Could a Cumbrian wind farm be left stumped by the local cricket club?
The emergence of the England cricket team as a crack squad of willow-wielding supermen has left many English cricket fans feeling a touch uneasy. Delighted, of course, but also a little disorientated.
Firstly, there is the utter brilliance of having the world's best cricket team, an experience that anyone who came of age as a cricket fan at any point over the past 30 years will find unremittingly bizarre. Even at our very best we were always a bunch of eager triers, forever destined to follow a couple of series wins with an utterly chastening humiliation at the hands of the West Indies or the Australians.
Secondly, there is the manner in which Andrew Strauss and his merry men secured their title as the World's Best Cricket Team, with performances of such unrelenting intensity you could only assume that prior to their ascent up the world rankings the team had spent a week imprisoned in a laboratory somewhere having the Englishness surgically removed. Although, transplanting a few South Africans into the team and appointing a Zimbabwean as a coach may also have helped.
Where was the first ball Harmison-wide, the captain drunkenly toppling off a pedalo, the star all-rounder deliberately running out the opening batsman? Where were the type of England players we knew and loved/tolerated: the Hicks, the Ramprakashes, the Mark Ealhams?
Instead, we have seen a team of super-committed athletes taking visible delight in crushing their opposition into the ground. It has been a confusingly exhilarating summer.
As such the Sceptic Tank was delighted to learn of a cricketing story of such exquisite Englishness that it more than compensates for the otherworldliness of our top players.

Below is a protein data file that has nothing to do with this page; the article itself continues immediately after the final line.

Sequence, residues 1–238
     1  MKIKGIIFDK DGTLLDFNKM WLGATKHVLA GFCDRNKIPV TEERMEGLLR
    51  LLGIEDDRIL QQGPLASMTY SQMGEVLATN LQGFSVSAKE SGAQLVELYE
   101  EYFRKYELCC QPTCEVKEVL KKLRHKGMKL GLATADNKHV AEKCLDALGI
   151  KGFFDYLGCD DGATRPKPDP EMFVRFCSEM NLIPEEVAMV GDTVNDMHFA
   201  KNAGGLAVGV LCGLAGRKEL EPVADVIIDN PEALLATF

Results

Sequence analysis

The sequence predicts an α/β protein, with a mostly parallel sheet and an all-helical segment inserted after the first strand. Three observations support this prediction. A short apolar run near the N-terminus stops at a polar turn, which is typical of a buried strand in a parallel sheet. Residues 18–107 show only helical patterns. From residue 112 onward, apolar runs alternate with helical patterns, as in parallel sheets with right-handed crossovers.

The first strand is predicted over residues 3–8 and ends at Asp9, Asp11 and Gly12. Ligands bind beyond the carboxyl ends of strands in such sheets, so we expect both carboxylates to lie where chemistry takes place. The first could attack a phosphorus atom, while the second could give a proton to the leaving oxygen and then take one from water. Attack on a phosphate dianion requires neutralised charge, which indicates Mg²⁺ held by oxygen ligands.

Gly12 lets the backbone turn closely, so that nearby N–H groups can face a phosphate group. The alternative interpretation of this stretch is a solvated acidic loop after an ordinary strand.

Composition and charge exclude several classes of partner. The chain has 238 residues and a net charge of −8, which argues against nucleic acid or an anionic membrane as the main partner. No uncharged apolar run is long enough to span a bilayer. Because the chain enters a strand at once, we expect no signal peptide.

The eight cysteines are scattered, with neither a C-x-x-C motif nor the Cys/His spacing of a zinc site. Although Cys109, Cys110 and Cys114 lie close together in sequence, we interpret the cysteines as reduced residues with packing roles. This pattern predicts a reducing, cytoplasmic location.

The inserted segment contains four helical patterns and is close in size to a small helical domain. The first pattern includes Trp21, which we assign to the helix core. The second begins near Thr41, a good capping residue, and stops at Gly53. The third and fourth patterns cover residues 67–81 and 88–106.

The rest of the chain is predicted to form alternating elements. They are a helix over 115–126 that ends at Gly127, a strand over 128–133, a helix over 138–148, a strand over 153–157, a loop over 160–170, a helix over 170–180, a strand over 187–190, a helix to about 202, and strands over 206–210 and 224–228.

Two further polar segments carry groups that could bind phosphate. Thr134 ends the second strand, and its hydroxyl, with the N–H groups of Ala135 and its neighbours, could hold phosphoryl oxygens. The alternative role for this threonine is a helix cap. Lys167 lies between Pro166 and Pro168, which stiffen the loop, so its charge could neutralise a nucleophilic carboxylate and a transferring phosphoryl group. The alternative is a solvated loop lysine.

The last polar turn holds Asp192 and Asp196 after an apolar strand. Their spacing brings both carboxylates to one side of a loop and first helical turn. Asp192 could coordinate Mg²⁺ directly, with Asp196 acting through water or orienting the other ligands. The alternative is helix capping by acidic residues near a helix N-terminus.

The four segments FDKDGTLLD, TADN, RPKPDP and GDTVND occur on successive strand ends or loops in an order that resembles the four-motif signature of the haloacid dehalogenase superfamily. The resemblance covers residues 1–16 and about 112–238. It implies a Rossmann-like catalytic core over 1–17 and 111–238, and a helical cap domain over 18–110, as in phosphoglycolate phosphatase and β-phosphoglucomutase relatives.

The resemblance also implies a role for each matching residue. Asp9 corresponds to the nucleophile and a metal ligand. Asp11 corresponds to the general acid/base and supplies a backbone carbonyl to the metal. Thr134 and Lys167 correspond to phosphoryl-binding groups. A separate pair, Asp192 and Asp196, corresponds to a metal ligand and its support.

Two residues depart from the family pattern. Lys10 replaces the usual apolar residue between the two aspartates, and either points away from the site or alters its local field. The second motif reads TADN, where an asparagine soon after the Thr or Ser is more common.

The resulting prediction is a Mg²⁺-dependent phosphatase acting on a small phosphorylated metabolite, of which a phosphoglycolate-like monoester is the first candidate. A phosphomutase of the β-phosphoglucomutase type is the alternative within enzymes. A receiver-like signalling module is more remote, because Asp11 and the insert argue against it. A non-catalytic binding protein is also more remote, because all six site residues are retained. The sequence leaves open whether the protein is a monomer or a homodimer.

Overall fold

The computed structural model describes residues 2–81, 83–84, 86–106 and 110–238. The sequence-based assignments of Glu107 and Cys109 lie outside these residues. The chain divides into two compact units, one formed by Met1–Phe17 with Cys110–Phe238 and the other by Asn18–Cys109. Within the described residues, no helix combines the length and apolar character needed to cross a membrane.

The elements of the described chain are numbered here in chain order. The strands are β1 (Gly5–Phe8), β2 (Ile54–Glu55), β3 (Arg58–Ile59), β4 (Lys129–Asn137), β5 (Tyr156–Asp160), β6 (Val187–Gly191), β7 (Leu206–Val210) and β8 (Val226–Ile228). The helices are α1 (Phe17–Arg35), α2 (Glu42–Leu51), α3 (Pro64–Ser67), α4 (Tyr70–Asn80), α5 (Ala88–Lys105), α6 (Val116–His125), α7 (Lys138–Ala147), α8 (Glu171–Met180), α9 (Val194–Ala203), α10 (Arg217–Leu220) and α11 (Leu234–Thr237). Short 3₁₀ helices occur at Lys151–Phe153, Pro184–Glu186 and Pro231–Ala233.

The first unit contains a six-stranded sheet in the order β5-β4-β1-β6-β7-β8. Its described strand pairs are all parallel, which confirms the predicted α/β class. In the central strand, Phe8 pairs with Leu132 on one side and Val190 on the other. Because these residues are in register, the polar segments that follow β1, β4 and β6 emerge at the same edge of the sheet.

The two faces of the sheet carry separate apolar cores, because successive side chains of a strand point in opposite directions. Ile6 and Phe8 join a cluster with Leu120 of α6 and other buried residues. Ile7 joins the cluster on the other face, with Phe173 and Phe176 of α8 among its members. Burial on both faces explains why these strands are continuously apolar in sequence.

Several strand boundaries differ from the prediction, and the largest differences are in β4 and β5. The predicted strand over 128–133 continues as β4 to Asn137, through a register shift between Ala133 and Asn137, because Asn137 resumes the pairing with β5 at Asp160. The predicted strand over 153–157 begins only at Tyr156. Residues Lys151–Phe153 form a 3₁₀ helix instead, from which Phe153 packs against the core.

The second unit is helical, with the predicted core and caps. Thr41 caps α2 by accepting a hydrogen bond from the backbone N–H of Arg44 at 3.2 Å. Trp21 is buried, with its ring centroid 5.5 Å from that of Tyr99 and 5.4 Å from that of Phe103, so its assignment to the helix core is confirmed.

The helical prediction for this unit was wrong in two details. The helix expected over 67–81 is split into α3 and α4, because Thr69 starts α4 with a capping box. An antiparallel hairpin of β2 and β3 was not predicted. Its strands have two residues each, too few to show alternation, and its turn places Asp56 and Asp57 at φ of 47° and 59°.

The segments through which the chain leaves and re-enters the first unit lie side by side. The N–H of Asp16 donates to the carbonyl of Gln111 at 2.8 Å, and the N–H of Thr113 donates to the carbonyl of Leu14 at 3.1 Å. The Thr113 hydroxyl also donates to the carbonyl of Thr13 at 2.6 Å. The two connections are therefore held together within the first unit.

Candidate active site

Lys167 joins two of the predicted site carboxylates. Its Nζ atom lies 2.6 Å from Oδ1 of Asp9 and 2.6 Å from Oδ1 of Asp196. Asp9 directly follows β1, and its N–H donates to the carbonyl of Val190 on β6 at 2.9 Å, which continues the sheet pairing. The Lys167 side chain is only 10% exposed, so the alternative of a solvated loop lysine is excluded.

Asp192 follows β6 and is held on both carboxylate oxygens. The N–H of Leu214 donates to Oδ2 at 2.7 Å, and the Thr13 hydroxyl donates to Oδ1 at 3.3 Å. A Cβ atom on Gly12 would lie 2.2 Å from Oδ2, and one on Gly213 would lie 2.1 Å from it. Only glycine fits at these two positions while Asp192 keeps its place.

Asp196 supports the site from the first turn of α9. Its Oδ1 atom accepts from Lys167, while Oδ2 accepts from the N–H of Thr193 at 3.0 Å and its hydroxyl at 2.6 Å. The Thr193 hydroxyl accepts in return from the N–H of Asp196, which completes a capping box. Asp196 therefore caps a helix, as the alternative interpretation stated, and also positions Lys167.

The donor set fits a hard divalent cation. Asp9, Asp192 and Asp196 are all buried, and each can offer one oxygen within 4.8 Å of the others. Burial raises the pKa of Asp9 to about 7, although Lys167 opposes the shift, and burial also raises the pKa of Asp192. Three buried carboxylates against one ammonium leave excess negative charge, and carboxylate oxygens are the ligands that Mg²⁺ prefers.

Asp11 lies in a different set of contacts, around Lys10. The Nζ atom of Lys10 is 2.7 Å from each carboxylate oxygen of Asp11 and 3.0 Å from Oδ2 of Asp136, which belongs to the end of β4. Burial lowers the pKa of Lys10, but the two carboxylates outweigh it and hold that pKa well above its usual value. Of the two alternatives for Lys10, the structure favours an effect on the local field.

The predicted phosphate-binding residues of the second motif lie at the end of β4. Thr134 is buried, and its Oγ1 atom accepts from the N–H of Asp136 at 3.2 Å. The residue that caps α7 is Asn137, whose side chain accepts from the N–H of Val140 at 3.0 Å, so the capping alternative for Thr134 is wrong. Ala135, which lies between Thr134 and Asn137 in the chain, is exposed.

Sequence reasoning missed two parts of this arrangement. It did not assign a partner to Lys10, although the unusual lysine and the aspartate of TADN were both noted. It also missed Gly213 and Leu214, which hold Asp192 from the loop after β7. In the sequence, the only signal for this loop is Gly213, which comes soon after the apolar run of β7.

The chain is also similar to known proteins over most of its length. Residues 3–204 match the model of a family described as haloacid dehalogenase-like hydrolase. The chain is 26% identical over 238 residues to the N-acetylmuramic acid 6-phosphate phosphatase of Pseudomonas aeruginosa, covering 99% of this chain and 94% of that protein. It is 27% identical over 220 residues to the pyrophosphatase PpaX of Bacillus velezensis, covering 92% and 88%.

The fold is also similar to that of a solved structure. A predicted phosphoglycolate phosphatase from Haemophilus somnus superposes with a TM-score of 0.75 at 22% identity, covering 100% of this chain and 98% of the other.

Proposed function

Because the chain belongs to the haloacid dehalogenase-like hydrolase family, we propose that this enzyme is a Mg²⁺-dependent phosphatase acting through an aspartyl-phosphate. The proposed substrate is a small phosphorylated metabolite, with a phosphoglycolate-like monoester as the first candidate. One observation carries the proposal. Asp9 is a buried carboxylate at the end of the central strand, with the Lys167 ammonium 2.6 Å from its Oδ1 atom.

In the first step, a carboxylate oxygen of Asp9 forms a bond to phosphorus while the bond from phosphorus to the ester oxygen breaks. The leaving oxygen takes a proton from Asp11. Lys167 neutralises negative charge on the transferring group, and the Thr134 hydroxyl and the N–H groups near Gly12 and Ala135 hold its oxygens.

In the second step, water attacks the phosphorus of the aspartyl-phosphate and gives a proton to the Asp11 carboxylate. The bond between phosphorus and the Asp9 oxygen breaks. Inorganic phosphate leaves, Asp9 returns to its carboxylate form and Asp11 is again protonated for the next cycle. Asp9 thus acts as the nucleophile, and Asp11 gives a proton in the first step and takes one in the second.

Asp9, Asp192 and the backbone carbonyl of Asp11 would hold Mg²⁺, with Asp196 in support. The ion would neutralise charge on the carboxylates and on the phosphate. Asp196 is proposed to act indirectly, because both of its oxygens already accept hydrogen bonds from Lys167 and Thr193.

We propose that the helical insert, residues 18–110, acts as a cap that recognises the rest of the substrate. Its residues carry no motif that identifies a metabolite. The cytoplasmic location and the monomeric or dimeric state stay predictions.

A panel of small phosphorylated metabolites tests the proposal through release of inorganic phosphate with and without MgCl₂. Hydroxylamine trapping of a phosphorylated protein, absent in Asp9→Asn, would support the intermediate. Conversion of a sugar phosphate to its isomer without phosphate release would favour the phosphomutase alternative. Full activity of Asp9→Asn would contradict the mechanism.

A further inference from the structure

It turns out that a cricket team in Cumbria is appealing against a wind farm planning application because the turbines will distract the batsmen.
We've all watched Sachin Tendulkar or Kevin Pietersen express their frustration at elderly gentlemen inconsiderately moving around behind the bowler's arm, but your average village cricketer can be just as precious and simply will not tolerate a wind turbine messing with their eye line.
According to reports in the local Times & Star, the planning application from developer Peel Energy for a three turbine wind farm at the brilliantly named Soddy Gap outside Broughton has already been rejected by councilors on the grounds that the turbines would have a negative impact on the area.
But, like a cricketer seeking an against the odds LBW decision, the company has now lodged an appeal, prompting one councillor in Broughton to launch their own official objection to the development on the grounds the turbines will limit the use of the cricket pitch.
As a rule the Sceptic Tank loves wind turbines, but he also loves cricket and finds himself instinctively siding with the plucky villagers and mulling over whether he can somehow sell the rights to Richard Curtis as the basis for his next heart-warming slice of stereotyping.
Then again, having spent a childhood witnessing the standard of village cricket on pitches with trees in the outfield, gravel on the square, and busy roads behind the bowler's arm, there is a case for arguing that a wind turbine or two is not likely to make that much difference to the average of most club cricketers. In fact, perhaps the good cricketers of Broughton should drop their objections to the wind farm, as it would give them the perfect excuse the next time they suffer the indignity of a first ball duck.
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